The following editorial comment summarises detailed information given within the LITERATURE REPORTS. Links to the LITERATURE REPORTS are provided at the bottom of this box.
  • The sun bear has a short tail, only about 30 - 70 mm (1.2 - 2.8 ins) long.

(References are available in detailed literature reports below)

CLICK THE LINKS FOR Literature Reports Sun bear Helarctos malayanus - Appearance-Morphology-Tail (Literature Reports)

Return to top of page

Skin / Coat / Pelage

EDITORIAL SUMMARY

Click here for full page view with caption Click here for full-page view with caption

The following editorial comment summarises detailed information given within the LITERATURE REPORTS. Links to the LITERATURE REPORTS are provided at the bottom of this box.

Adult:

  • The coat is short and black or very dark brown; the undercoat is very thick and black, with light guard hairs. The muzzle is pale (whitish, grey or orangish), with this colouring reaching to past the eyes. The feet are sometimes pale also. On the chest is a crescent, "U" or doughnut-shaped mark which may be white, ochre, buff or orange, and may extend onto the neck.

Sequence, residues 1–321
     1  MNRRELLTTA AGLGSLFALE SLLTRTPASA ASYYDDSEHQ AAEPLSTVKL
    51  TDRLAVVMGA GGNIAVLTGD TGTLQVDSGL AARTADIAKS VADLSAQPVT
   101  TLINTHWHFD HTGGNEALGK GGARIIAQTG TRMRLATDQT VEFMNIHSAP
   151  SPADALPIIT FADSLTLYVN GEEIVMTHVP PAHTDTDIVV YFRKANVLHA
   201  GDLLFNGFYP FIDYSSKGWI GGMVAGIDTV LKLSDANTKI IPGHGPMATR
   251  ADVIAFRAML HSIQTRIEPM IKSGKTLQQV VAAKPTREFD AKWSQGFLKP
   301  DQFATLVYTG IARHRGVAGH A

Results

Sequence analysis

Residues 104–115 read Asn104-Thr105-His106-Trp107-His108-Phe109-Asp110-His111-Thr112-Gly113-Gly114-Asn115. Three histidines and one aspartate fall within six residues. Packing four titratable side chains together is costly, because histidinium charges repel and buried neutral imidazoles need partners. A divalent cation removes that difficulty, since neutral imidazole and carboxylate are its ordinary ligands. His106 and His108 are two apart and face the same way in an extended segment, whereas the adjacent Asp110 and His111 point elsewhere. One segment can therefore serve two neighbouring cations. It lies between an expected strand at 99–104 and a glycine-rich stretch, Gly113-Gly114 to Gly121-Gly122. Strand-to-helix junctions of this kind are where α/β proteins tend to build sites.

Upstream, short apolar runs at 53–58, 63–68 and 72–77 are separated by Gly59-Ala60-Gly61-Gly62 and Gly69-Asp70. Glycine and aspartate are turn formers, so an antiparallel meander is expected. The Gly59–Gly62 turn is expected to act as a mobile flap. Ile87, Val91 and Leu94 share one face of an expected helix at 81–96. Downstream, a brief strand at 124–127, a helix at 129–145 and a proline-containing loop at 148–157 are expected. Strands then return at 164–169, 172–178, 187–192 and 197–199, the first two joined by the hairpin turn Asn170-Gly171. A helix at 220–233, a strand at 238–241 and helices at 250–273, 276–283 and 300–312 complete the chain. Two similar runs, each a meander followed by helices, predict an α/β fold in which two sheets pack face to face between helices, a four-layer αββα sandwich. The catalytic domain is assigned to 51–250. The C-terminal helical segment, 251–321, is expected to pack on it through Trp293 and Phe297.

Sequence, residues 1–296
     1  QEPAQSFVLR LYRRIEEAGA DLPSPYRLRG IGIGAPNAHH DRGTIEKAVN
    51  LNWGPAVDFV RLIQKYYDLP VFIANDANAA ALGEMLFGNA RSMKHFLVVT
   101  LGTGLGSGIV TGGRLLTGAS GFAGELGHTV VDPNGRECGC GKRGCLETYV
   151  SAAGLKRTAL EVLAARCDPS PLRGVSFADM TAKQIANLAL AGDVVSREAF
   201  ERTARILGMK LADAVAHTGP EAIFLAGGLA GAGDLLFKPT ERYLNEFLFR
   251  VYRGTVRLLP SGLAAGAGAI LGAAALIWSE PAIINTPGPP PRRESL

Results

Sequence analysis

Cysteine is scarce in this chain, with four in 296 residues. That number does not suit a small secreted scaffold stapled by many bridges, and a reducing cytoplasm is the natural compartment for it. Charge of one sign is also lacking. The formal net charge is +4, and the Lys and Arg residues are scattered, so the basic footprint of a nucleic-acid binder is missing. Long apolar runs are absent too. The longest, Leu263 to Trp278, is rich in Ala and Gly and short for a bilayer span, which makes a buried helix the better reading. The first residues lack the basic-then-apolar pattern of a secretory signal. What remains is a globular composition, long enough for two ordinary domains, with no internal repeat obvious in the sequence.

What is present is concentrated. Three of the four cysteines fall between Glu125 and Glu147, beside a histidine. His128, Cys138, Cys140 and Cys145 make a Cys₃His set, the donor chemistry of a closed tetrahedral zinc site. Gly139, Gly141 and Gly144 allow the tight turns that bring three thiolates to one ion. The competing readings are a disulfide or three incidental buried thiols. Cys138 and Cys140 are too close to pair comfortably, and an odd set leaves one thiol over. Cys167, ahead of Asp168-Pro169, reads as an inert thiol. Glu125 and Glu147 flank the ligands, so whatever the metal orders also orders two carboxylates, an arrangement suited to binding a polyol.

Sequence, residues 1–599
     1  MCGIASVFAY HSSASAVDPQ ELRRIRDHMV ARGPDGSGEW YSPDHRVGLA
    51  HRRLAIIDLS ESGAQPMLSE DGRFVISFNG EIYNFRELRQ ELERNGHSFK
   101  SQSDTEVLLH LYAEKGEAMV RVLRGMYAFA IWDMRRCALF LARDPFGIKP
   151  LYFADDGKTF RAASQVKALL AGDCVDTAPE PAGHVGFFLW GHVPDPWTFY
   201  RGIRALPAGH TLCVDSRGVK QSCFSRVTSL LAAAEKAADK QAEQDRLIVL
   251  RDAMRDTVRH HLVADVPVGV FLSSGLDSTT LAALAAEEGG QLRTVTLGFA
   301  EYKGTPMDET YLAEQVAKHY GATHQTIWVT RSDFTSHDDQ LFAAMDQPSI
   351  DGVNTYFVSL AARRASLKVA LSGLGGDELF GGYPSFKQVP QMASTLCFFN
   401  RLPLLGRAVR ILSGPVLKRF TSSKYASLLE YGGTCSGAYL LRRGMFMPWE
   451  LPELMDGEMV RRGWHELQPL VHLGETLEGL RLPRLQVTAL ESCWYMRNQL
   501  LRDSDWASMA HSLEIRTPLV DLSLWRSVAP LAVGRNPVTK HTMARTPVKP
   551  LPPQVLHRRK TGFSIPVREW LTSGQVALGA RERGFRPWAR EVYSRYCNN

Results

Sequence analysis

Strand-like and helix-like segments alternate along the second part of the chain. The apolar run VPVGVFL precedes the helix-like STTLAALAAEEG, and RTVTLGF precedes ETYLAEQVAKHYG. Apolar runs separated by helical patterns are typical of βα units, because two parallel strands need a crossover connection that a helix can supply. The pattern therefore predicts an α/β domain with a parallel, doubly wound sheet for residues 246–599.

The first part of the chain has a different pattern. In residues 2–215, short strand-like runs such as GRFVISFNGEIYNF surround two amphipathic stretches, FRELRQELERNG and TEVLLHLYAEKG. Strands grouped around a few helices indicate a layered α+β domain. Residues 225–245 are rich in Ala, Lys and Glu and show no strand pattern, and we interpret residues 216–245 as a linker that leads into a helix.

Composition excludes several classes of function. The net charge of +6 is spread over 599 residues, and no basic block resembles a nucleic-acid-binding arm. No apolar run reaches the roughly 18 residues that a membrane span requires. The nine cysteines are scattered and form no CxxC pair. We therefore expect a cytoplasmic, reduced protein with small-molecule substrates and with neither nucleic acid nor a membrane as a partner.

Adult Colour variations:

  • Rare individuals may have different colouring, such as reddish fur and no chest mark.

Newborn/Juvenile:

  • Cubs are grey-black, the muzzle is pale brown or white, and there is a U-shaped dirty-white mark on the chest.

(References are available in detailed literature reports below)

CLICK THE LINKS FOR Literature Reports Sun bear Helarctos malayanus - Appearance- Morphology- Skin-Coat-Pelage (Literature Reports)

Return to top of page

Detailed Anatomy Notes
(Summary information provided for pertinent species-specific data cross-referenced in Wildpro)

EDITORIAL SUMMARY